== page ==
Alfred

Profitable ETF Trading Strategies – Understanding ETF Volatility

Ken Long asked:

There are many different useful definitions of the concept of volatility. For the purposes of this essay I just want to consider volatility in a non-technical way, and that is as the amount of variation in returns around the mean, or the average.
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In any bundle of returns from a trading system, you will always be able to calculate the average return. If most of the returns are tightly clustered around the average you would normally consider this to be predictable and reliable and low volatility. If individual returns were widely scattered above and below the average, you would normally consider this to be unreliable, risky and high volatility.
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That is the general sense of volatility that I want to consider in this essay.
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Now, I want to consider some lessons learned concerning volatility in exchange traded funds within your trading practice.
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ETFs are much less volatile than individual large cap stocks. This is true even for ETFs whose components holdings are all large cap stocks. Even the big, mature companies in the Dow Jones Industrial 30 index are much more volatile than the composite ETF that holds them. This is ETF trading symbol DIA.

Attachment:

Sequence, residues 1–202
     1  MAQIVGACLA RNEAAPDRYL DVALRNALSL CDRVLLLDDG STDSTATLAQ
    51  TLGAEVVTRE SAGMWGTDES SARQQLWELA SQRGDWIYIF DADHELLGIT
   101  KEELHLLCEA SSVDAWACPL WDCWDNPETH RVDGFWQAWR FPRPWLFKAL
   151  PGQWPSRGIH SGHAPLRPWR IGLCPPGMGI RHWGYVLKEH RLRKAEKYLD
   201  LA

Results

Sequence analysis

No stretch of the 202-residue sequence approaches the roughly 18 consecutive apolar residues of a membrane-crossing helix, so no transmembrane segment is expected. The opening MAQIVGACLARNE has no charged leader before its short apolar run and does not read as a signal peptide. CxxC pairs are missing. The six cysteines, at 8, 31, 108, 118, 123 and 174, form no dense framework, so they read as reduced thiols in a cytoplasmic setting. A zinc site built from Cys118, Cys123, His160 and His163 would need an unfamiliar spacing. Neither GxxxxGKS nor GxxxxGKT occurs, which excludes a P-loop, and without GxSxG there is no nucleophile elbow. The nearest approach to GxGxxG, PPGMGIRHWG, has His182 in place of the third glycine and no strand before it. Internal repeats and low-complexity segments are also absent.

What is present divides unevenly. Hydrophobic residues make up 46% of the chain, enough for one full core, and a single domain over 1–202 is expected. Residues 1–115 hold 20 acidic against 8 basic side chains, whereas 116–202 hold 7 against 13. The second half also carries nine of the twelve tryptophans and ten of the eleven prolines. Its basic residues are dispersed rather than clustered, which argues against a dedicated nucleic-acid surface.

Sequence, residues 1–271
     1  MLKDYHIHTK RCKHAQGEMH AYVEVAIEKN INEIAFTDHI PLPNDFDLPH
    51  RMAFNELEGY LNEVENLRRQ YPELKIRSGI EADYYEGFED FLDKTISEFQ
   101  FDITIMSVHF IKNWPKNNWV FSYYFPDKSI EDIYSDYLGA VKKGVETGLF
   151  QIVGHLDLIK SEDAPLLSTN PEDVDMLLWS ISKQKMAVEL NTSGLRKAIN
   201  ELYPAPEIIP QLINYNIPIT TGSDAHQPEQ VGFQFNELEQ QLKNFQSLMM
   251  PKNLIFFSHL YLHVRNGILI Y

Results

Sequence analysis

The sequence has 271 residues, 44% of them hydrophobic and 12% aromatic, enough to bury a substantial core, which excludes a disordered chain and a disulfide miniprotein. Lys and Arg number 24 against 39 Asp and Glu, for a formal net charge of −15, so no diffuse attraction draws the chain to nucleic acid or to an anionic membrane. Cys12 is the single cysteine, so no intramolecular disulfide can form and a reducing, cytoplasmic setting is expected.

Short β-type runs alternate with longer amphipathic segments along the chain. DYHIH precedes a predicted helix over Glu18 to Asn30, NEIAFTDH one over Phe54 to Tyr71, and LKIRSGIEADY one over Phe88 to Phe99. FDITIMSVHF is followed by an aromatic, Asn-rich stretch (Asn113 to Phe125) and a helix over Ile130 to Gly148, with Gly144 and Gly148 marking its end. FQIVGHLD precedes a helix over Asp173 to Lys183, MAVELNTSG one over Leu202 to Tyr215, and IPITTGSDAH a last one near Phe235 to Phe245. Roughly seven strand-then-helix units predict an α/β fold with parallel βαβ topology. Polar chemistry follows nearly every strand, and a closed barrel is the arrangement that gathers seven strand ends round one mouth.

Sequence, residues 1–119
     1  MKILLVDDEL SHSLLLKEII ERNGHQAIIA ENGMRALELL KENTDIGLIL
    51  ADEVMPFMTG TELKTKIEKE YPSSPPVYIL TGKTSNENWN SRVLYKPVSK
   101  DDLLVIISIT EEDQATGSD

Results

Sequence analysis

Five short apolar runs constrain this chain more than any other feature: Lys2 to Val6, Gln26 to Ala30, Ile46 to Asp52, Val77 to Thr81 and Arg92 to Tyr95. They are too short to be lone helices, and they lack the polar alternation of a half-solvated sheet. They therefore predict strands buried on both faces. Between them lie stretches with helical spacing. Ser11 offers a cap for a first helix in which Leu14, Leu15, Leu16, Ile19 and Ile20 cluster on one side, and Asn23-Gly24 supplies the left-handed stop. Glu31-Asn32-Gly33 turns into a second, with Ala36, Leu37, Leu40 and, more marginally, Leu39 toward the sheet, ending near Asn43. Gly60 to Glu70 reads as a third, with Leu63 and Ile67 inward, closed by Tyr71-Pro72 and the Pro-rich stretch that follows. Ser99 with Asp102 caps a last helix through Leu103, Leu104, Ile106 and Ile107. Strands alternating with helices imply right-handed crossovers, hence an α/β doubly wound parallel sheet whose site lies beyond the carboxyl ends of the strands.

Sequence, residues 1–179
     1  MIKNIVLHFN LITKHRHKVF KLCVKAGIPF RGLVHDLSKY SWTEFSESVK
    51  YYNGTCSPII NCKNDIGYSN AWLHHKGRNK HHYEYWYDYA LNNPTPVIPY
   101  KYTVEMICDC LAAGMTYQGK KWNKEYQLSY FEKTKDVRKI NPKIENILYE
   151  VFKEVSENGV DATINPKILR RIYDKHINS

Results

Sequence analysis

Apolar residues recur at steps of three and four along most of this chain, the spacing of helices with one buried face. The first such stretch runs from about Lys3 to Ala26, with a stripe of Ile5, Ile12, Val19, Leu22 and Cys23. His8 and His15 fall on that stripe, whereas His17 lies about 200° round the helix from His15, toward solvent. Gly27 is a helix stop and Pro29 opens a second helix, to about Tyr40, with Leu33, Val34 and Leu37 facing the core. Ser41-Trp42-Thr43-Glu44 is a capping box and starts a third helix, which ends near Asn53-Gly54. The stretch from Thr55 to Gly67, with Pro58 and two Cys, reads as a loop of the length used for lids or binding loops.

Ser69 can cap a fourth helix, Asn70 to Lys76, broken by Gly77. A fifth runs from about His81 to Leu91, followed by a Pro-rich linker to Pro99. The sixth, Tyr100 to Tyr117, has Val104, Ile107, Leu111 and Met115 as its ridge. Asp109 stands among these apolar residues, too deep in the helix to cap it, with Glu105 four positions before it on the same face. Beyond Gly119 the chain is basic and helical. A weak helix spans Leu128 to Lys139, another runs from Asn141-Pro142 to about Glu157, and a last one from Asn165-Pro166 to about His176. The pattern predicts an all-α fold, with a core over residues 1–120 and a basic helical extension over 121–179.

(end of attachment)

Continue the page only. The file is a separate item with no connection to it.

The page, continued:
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One of the things you get with lower volatility ETFs is the ability to engineer your position sizes more carefully because ETFs have less volatility and also tend to be more range bound. You are much more likely to have an extraordinary event in individual stock which includes the possibility of a runaway winner whereas ETFs are more likely to give you long regular cyclic waves of winners and losers.
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In addition to ETFs having lower average volatility, they also have a lower standard deviation in general than the individual stocks that make up the index. What this means is that the amount of surprise you are subject to is generally less on both the upside and downside. This is true regardless of whether you’re ETF is focusing on shore conservative companies were smaller cap growth.
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Of course we want to be careful in overestimating the usefulness of this information. We want to remember that even low volatility ETFs Possibility of large at first moves off of overnight surprise news.
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So ETFs may isolate you from some individual company risk but at the cost of giving up the opportunity for wildly explosive moves in your favor by surprise. For many traders, this is an excellent trade-off if you are looking for regular normal returns.?

Dale